1967 As one of the 14 largest steel groups, representing about 90 per cent of the UK's steel making capacity, Tube Investments's steel-making subsidiaries (Park Gate Iron and Steel Co, Round Oak Steel Works)) were brought into public ownership as part of the British Steel Corporation. It was agreed that Tube Investments would share the management of the Round Oak Steel Works in order to enable TI to maintain its international position in tube making.
1968 Various steels
By the 1970s, the factory's viability and profitability began to decline due a fall in demand for its products.
1970 Major investment by TI in 2 new electric furnaces and and a new mill to replace open hearth furnaces and finishing plants.
At its peak some 3,000 people were employed at the plant,
By 1979 the jobs cuts began and the plant's future was thrown into serious doubt.
1981 The farmland in the shadow of Round Oak Steelworks was designated by the Government as an Enterprise Zone.
1982 Finally closed on 23 December 1982, by which time 1,286 people were working there after being in operation for 125 years. This brought high levels of unemployment to the local area. Demolition work took place shortly afterwards. Just before its closure, the works employed over 3,000 people.
1984 Demolition work took place during 1984.
1985-89 The area was developed as the Merry Hill Shopping Centre by Don and Roy Richardson. It brought thousands of jobs to the local area and spearheaded a region-wide transition from manufacturing to services as the key employer of local workers.
1986 Despite the closure of the works, a steel terminal was opened on the adjacent railway in August and is still in use.
1990 The first businesses did not move onto the steelworks site until 1990, when the Copthorne Hotel was opened. A former warehouse on the site has been converted into a pub, the Brewer's Wharf.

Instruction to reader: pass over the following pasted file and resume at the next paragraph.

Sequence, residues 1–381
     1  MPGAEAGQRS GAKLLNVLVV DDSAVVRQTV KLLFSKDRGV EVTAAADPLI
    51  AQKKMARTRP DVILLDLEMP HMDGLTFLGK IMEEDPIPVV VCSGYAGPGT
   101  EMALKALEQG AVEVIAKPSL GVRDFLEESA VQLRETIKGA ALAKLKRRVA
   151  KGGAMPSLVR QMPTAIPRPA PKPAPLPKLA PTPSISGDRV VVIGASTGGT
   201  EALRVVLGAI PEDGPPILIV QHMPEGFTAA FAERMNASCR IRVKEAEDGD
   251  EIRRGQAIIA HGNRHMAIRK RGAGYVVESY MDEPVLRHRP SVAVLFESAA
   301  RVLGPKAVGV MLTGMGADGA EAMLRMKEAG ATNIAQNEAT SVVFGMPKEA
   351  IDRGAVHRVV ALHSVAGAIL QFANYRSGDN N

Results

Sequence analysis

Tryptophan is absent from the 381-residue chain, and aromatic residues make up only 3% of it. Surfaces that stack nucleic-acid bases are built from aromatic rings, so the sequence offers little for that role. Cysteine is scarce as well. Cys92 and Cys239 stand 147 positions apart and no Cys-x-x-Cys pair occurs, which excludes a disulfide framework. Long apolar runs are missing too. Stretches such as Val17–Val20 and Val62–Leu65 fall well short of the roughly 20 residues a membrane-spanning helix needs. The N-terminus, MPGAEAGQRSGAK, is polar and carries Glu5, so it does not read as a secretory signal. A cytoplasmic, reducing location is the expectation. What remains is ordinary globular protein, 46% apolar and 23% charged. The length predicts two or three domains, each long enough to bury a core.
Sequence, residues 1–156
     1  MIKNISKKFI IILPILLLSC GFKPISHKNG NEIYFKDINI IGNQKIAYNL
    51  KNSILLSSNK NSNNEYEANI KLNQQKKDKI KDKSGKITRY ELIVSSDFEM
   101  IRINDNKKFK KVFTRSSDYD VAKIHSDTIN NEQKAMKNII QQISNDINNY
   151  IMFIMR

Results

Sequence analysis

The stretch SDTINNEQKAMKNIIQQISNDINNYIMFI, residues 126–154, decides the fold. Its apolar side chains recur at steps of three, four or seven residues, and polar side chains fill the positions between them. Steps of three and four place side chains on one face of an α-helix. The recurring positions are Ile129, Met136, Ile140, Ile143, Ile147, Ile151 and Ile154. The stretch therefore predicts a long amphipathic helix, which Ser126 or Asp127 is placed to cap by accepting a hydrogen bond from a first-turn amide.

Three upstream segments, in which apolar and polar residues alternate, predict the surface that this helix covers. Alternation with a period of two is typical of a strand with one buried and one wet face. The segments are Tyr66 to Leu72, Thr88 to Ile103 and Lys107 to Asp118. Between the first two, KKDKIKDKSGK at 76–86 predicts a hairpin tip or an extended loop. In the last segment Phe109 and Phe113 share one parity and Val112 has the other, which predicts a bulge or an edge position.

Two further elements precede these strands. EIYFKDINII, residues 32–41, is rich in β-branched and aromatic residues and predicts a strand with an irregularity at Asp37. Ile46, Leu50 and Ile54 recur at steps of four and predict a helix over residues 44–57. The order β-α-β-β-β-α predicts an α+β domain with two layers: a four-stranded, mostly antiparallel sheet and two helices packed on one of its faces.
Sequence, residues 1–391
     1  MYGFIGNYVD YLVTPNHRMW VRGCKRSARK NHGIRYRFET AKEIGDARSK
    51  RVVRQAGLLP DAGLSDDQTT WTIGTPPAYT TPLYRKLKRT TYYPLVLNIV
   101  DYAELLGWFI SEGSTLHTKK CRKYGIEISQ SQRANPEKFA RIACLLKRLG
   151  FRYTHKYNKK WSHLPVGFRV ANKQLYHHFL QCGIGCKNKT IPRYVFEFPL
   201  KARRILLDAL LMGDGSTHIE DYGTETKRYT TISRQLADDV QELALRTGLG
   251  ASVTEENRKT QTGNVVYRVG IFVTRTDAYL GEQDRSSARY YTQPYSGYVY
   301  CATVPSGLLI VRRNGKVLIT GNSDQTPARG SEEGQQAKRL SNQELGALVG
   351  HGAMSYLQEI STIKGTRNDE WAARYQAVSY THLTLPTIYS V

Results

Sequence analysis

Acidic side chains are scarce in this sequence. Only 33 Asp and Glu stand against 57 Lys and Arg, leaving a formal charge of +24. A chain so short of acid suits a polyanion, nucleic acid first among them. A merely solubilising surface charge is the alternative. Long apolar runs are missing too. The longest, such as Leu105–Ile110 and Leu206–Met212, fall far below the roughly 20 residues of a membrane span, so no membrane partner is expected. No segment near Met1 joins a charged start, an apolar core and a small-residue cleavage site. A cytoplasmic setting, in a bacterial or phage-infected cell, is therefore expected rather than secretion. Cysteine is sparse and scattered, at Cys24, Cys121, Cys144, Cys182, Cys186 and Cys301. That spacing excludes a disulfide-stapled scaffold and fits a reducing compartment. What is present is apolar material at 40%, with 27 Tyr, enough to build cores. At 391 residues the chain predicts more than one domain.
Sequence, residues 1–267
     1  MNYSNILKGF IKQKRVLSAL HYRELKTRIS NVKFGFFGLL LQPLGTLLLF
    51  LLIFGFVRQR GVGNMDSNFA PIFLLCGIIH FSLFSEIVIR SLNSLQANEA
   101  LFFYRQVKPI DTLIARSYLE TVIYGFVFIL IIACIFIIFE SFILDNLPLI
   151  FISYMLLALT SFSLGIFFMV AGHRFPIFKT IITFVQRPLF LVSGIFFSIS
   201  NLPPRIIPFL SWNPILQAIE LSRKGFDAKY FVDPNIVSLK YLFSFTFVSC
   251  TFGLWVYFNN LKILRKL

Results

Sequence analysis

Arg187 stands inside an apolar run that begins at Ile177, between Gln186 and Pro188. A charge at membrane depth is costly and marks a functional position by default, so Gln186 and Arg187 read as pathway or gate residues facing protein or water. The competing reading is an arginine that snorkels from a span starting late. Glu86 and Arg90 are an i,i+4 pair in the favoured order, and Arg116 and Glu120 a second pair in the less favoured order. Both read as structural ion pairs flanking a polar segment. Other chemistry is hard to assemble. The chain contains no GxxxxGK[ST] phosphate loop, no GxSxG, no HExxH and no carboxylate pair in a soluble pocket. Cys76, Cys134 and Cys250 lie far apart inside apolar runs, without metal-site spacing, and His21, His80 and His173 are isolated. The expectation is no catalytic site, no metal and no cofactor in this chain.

BURSTING OF A FLY WHEEL. REMARKABLE SMASH AT ROUND OAK WORKS. An accident, exposing a number of men to peril, and occasioning considerable financial loss, took place at the Earl of Dudley's Round Oak Ironworks during Friday night. Heavy bars were being rolled, when the great fly-wheel, some 17 tons in weight, suddenly broke into many pieces, and at the same time the driving wheel and a valuable steel wheel were also broken up, in consequence, it is believed, portions of the fly-wheel striking them. Providentially, the heavy pieces of metal were not scattered about, but fell mainly into the wheel hole. The accident put a stop to the operations for the time being. The Round Oak Ironworks were established by the late Earl of Dudley about the middle of the last century, and the flywheel which has collapsed was part of the original machinery laid down. It is somewhat singular that the accident has happened at the present time, when the men were on fourteen days' notice to terminate their engagements, the intention of the firm being, as soon as convenient, to restart the Old Level Ironworks, also situated in the Brierley Hill district, which were for many years carried on under the style of Henry Hall and Co., and were taken over some months ago. In the interim some of the machinery at Round Oak has been removed to the Old Level works, which have been remodelled, and a considerable quantity of modern machinery installed. The accident at Round Oak is not attributed to any misconduct on the part of employees.